May 28, 2008

Undesirable element in office ... Critical morass

Noel Murphy | The Geelong Advertiser

It might read like pidgin Latin from an Asterix comic but the first new element to be added to the Periodic Table _ chemistry's running list of the world's body parts _ has merit beyond its allusions to the classic dead language.

It's generally ascribed to that great thinker, anonymous, but also tentatively to one William DeBuvitz, a one-time US physics professor. A Google hunt will direct you to a multitude of websites and blogs with variations on the theme although they're generally faithful to one particular take. My favourite site's a purported Slovenian think tank whose mission is to promote free-market principles, limited government, individual freedom, free enterprises, rule of law, and individual initiative. There's quite a bit of that in Slovenia, if we remember rightly.

This great new element is said to have emerged some years back, following a fire in August 2000 at the apocryphal Los Alamos Laboratory where a secret bunker's security system was damaged. But we recall reports much earlier. DeBuvitz's version supposedly appeared in the January 1989 issue of The Physics Teacher . Maybe it did.

Anyway, this great element is said to be the heaviest element yet known to science. It's called governmentium (Gv) and enjoys something of a double life. In one form, it has a solitary neuron, 25 assistant neurons, 88 deputy neurons and 198 assistant deputy neurons, giving it an atomic mass of 312. In another, it has one neutron, 15 assistant neutrons, 35 deputy neutrons, 80 vice neutrons, 145 supervisory neutrons, 165 team leader neutrons and 225 consulting neutrons, giving it a devilish atomic mass of 666.

These 312 to 666 particles are held together by forces called morons, which are in turn surrounded by vast quantities of lepton-like particles called peons. Since governmentium has no electrons, it is inert; however, it can be detected, because it impedes every reaction with which it comes into contact.

Even a minute amount of governmentium can cause a reaction that might normally take less than a second to take from four days to four years to complete.

Governmentium has a normal half-life of two to six years; it does not decay but instead undergoes a reorganisation in which a portion of the assistant neurons and deputy neurons exchange places. In fact, governmentium's mass will actually increase over time, since each reorganisation will cause more morons to become neurons, forming isodopes.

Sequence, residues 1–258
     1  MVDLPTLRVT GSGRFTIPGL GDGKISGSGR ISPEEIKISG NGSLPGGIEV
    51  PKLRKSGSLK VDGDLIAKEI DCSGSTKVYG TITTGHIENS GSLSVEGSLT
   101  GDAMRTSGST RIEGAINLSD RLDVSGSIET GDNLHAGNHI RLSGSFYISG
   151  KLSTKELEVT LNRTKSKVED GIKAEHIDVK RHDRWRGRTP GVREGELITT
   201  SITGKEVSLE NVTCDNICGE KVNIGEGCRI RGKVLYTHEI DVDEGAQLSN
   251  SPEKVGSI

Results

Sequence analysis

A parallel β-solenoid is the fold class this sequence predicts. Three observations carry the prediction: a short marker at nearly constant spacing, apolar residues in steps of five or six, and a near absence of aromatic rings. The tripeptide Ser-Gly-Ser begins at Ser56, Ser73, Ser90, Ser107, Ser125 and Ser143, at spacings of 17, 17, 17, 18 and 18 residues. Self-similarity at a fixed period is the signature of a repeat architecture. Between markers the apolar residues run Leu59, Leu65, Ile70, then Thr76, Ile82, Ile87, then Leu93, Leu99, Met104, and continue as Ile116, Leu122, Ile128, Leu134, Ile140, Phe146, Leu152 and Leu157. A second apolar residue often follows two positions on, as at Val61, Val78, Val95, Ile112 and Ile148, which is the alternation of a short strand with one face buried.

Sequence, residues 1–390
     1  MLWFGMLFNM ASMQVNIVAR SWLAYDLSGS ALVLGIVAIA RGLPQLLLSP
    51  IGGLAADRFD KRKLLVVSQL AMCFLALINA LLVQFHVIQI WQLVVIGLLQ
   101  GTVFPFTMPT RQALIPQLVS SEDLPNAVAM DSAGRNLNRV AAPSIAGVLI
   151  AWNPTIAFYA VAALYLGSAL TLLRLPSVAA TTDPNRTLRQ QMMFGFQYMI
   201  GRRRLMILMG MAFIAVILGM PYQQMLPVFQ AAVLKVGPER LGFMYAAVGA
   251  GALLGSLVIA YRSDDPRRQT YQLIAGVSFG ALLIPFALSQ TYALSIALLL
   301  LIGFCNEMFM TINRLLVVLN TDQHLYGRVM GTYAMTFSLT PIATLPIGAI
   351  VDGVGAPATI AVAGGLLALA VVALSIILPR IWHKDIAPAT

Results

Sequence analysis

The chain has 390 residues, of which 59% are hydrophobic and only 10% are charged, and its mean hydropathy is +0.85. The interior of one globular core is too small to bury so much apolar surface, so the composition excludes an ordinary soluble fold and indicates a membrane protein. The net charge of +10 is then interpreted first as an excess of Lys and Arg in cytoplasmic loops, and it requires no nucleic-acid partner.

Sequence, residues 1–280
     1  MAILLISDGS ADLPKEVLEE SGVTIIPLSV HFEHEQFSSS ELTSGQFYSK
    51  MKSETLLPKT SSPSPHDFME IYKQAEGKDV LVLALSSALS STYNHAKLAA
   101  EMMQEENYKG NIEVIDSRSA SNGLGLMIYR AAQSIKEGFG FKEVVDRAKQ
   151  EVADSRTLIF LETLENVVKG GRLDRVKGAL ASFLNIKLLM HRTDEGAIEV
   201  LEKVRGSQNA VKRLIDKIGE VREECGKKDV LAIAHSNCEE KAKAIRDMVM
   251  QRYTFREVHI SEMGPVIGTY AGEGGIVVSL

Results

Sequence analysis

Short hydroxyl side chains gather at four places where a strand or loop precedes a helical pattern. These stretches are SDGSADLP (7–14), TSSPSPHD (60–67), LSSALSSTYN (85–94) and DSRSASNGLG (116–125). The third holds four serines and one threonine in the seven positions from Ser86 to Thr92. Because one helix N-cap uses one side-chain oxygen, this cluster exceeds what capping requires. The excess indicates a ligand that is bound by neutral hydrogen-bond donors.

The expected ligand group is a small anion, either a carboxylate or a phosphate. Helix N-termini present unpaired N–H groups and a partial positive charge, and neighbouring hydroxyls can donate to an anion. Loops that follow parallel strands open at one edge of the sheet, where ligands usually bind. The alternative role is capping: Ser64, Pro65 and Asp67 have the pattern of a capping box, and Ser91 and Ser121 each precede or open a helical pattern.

This characteristic of moron promotion leads some scientists to believe that governmentium is formed whenever morons reach a critical concentration. This hypothetical quantity is referred to as critical morass.

When catalysed with money, governmentium comes into a field truly its own. It morphs into administratium, an element that radiates just as much energy as governmentium since it has half as many peons but twice as many morons.

Concentrations of governmentium have reportedly been found in locations such as houses of parliament and large corporations. It's especially drawn to universities. It can usually be found polluting the best appointed and best maintained buildings.

But a word of caution. Scientists warn that governmentium is known to be toxic and recommend plenty of alcoholic fluids followed by bed rest after even low levels of exposure.


Anonymous said...

"It can usually be found polluting the best appointed and best maintained buildings."

The new NSSB building comes to mind.

Anonymous said...

i'm just impressed you know who asterix is

Anonymous said...

Who's Asterix?

Anonymous said...

Below are some observation from LLNL about their recent RIF. Looks like the top heavy management and all the "special title" staff weren't touched. Many of the the layoffs involved scientists on EBA ("between assignments"). If layoffs hit LANL, it will probably play out in a similar fashion.

Thursday, May 29, 2008

Fairly Done, For The General Population

So the list is out- looks like a total of 443 layoffs. As suspected, there were no managers RIF'ed. Of the scientists/technicians, many were EBA's off and on for years. However, some of the layoffs look suspiciously politically motivated. Probably a few good lawsuits in the making for those who were not EBA's much or at all. Especially where the "business unit" elimination story doesn't work and people were funded. It is actually good to see that they did lay off some "former manager" types who have lazed around for years pretending to do technical work- but only a few. If they would have been smart enough to use this opportunity to rid themselves of more of the real parasitic "nonsense title" people it might have been acceptable to lose a few good scientists in the mix. Instead, we still have every one of the ridiculous "directors at large", "external relations", "deputy xx", "program manager" and "special assistant" types.

Anonymous said...

"Pidgin Latin?"

No, it´s Dog Latin.